But, in the name of balance and nuance, developers can also allow the transaction to commit when the changes have replicated to a "quorum" of servers, one of which will answer the read request. Each option implies a different trade-off in performance and consistency. And that is how it should be, when requirements exist along a spectrum.

As covered in depth by Tony Baer earlier this week, MongoDB 3.4 is no longer just a document store -- in other words it goes beyond the storage and maintenance of JavaScript Object Notation (JSON)-encoded data entities. MongoDB now accommodates graph processing as well -- something which has been a separate NoSQL category. It's also added facet-based search technology. Akin to the approach taken by Internet and corporate search engines, faceted navigation allows data to be searched or filtered on dimensional values, a paradigm familiar to users of OLAP BI technology.
Also read: MongoDB 3.4 fills some enterprise database gaps

And if that weren't kumbaya enough for you, MongoDB 3.4 will, most ceremoniously, support a SQL query interface. This, in turn, will allow virtually all major BI packages to connect to MongoDB as a data source without needing special drivers, especially since MongoDB's SQL dialect will apparently be compatible with that of open source RDBMS MySQL.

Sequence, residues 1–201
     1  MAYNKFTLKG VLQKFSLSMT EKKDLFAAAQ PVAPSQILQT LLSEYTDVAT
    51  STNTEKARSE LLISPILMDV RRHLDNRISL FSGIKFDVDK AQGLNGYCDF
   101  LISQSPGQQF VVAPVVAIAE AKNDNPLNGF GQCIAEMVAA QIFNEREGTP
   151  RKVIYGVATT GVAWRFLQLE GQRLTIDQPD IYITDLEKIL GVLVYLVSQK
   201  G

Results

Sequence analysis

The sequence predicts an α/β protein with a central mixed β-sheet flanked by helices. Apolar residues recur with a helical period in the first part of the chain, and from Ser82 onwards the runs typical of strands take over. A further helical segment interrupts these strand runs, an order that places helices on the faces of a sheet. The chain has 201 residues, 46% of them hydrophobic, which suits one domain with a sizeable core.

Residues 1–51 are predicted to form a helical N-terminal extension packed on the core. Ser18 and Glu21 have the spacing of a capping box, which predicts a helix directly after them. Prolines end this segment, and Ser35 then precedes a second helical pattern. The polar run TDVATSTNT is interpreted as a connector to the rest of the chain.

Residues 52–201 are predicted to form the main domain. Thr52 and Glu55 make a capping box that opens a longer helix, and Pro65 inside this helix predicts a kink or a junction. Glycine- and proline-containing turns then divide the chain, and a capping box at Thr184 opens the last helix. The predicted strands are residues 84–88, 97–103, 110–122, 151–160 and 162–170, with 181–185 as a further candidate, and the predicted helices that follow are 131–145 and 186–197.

Also read: Pentaho adds native integration with MongoDB

What's especially interesting about these changes is that they follow almost identical architectural compromises from Microsoft, an RDBMS incumbent. Despite its SQL Server heritage, some time ago Microsoft introduced a cloud-based NoSQL database of its own, called DocumentDB. As the name would suggest, the product is a document store NoSQL database.

Be that as it may, Microsoft imbued DocumentDB, at launch, with two category-bending features (that may now sound familiar): a SQL query interface, and configurable database consistency levels. More recently, Microsoft added a MongoDB API-compatible interface, which means both products now offer both query models. And with MongoDB's additional announcement of its Atlas cloud service, the two platforms are really going head-to-head.

If that's not good enough for you, consider that the newest version of SQL Server, Microsoft's nearly 25 year-old RDBMS product, now accommodates storage and search of data in the same JSON format as is native to DocumentDB and MongoDB. That doesn't mean "MS SQL" (as SQL Server is often referred to in non-Microsoft developer circles) is now NoSQL. What it does mean is that distinctions in the categories are blurring. They're also increasingly becoming misnomers.

It takes an industry
That's a good thing. Because, eventually, for the industry to advance, it must stop the infighting and move forward in a coordinated fashion.

Domination by one ideology is not good, and opposing approaches may need to organize and launch earnest campaigns for change. But, in the end, each side can learn from the other, forming a more enlightened, more inclusive, less adversarial landscape. Customers benefit, and so do vendors, freeing both to move on and solve new problems.